These members might want to read the Government Accountability Office’s latest report on the USPS, which called the mail monopoly’s business model “not viable.” Union labor is part of the problem. The average postal employee earns $83,000 a year in total compensation and 85 percent of its workforce is covered by collective bargaining agreements. Labor accounts for 80 percent of the USPS’s cost structure.

The GAO cites the following as reasons why USPS labor costs are so high:

  • The USPS covers a higher proportion of employee premiums for health care and life insurance than most other federal agencies, which is impressive because it’s hard to be more generous than federal agencies.
  • USPS workers participate in the federal workers’ compensation program, which generally provides larger benefits than the private sector. And instead of retiring when eligible, USPS workers can stay on the “more generous” workers’ compensation rolls.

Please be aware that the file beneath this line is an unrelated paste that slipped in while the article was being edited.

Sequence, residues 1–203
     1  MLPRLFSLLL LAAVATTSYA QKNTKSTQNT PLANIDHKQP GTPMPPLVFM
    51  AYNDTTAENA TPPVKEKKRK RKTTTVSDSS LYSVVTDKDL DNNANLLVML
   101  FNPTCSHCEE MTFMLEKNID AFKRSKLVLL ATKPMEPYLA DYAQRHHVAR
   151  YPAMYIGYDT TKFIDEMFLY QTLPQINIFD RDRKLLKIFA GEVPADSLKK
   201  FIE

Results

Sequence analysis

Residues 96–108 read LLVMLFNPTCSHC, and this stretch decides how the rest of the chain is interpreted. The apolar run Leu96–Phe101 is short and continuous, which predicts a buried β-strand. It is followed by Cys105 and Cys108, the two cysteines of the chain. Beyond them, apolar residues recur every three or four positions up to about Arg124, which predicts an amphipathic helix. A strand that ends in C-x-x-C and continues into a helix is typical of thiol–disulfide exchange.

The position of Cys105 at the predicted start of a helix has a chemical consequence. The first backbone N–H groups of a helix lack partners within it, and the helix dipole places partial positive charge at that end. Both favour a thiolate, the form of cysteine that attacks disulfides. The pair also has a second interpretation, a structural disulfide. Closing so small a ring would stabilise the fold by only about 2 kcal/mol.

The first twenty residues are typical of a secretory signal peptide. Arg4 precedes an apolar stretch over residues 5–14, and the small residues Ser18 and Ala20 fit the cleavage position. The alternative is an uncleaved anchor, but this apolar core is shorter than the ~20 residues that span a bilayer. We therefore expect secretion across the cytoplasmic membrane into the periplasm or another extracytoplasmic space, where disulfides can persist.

• Collective bargaining agreements limit the amount of part-time and contract workers the USPS can use to fit its workload needs, and they limit managers from assigning work to employees outside of their crafts. The latter explains why you get stuck waiting in line at the post office while other postal employees seemingly oblivious to customers’ needs go about doing less important tasks.
  • Most postal employees are protected by “no-layoff” provisions, and the USPS must let go lower-cost part-time and temporary employees before it can lay off a full-time worker not covered by a no-layoff provision.